O'Malley expected to appoint Enright

Top City Hall adviser is due to be chief of staff in Annapolis

November 16, 2006|By Doug Donovan | Doug Donovan,sun reporter

Gov.-elect Martin O'Malley is expected today to name Michael R. Enright - his friend since high school and top City Hall adviser - as chief of staff for his incoming administration in Annapolis.

O'Malley is scheduled to announce the appointment and the formation of his transition steering committee at a news conference at noon today in downtown Baltimore.

O'Malley officials would not discuss Enright's promotion, but a source familiar with the decision confirmed that the first deputy mayor was set to take the job.

Enright and O'Malley have been close friends since they attended Gonzaga College High School in Washington together nearly 30 years ago.

A hungry homeless man broke the ice between O'Malley and Enright as they waited for a bus home at DuPont Circle at the end of their freshman year. As they sat across from one another, a homeless man plunged his hand into O'Malley's open bag of crackers and helped himself to a mouthful.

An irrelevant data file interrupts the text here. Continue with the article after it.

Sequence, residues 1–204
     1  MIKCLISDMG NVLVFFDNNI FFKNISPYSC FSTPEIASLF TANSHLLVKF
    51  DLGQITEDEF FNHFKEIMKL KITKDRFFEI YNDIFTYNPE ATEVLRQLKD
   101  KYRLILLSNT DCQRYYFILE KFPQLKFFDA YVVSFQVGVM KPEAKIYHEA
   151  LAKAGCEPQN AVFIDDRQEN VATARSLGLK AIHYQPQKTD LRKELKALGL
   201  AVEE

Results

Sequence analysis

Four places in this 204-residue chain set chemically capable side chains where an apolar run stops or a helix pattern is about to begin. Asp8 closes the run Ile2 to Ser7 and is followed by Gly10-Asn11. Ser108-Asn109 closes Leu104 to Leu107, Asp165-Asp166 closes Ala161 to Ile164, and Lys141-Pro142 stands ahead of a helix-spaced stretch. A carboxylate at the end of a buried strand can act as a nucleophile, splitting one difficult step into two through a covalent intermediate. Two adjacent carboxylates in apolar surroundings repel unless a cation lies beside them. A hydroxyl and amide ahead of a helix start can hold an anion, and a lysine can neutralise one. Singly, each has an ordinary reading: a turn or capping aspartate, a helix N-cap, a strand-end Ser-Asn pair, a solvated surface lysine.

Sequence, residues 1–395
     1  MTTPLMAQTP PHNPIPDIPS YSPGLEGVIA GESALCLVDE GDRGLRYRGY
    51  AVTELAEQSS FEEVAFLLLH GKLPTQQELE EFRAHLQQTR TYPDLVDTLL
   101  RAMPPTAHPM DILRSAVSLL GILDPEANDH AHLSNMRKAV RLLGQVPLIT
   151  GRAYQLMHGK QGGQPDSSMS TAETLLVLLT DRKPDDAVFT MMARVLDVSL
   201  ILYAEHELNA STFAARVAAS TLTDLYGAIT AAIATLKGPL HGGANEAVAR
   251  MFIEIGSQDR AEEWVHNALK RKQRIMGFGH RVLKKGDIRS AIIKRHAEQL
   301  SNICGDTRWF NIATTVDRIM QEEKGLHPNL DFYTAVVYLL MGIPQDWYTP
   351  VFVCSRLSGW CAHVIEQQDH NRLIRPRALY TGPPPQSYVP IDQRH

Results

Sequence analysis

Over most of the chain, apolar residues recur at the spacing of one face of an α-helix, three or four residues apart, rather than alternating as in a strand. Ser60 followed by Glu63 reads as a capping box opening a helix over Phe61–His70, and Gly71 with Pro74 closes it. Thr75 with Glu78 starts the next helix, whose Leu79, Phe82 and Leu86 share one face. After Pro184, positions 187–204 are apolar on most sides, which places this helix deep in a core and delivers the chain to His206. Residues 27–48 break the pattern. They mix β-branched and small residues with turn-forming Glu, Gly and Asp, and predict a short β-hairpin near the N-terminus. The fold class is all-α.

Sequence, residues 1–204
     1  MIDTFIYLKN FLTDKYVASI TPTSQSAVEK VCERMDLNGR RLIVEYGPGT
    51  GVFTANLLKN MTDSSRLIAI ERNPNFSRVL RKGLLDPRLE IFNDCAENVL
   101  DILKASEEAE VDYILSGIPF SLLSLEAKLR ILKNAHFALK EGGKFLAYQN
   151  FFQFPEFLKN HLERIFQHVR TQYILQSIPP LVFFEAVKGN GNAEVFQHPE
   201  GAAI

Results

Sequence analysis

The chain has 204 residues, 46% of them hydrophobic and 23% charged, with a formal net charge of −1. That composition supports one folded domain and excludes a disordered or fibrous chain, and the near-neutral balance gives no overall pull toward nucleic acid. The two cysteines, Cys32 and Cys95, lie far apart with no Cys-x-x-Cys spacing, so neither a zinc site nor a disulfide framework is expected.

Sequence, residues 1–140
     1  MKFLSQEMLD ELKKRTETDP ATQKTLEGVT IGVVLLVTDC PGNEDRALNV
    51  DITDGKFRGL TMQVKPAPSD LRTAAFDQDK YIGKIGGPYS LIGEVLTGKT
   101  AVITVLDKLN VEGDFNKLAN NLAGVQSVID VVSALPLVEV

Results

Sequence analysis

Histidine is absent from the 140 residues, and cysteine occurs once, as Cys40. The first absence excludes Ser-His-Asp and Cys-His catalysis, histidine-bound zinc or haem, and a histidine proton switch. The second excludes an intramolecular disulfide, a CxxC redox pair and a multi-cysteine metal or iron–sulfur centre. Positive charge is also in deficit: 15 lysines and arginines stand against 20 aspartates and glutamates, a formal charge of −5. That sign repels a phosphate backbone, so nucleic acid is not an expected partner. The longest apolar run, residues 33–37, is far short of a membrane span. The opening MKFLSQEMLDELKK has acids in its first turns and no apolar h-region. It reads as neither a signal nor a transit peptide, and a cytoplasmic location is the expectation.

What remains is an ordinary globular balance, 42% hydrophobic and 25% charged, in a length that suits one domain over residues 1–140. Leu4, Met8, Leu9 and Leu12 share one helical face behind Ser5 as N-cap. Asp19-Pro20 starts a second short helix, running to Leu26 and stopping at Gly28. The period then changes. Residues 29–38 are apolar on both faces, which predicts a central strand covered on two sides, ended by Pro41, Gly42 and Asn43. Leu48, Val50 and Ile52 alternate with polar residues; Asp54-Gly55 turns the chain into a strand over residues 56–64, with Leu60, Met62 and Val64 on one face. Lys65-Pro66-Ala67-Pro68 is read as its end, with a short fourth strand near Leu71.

The two have been friends ever since - sharing passions for history and politics, playing together on the football team and performing in plays together, Enright said in an interview last month.

Enright, a Bethesda native, attended Tulane University in New Orleans, graduating with an English degree with honors. He went to work as a newspaper reporter, covering local government. He was hired in 1991 to a public relations post with Attorney General J. Joseph Curran III, O'Malley's father-in-law.

Enright, 43, took a year off to earn a master's degree in public administration from the John F. Kennedy School of Government at Harvard University, returning to Curran's office before being hired by Rep. Benjamin L. Cardin's office, where he spent 18 months as legislative director.

When O'Malley won election in November 1999, the mayor tapped Enright to join him in City Hall. In his position as first deputy mayor, Enright has been one of the driving forces behind the biweekly CitiStat meetings, where he is known for his tough questions of city agency heads.


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